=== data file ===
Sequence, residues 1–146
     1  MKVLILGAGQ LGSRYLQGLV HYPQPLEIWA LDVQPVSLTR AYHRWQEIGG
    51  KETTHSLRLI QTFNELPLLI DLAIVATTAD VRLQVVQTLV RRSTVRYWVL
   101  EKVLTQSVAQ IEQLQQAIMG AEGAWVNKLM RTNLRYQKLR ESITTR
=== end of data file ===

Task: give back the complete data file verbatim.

Sequence, residues 1–146
     1  MKVLILGAGQ LGSRYLQGLV HYPQPLEIWA LDVQPVSLTR AYHRWQEIGG
    51  KETTHSLRLI QTFNELPLLI DLAIVATTAD VRLQVVQTLV RRSTVRYWVL
   101  EKVLTQSVAQ IEQLQQAIMG AEGAWVNKLM RTNLRYQKLR ESITTR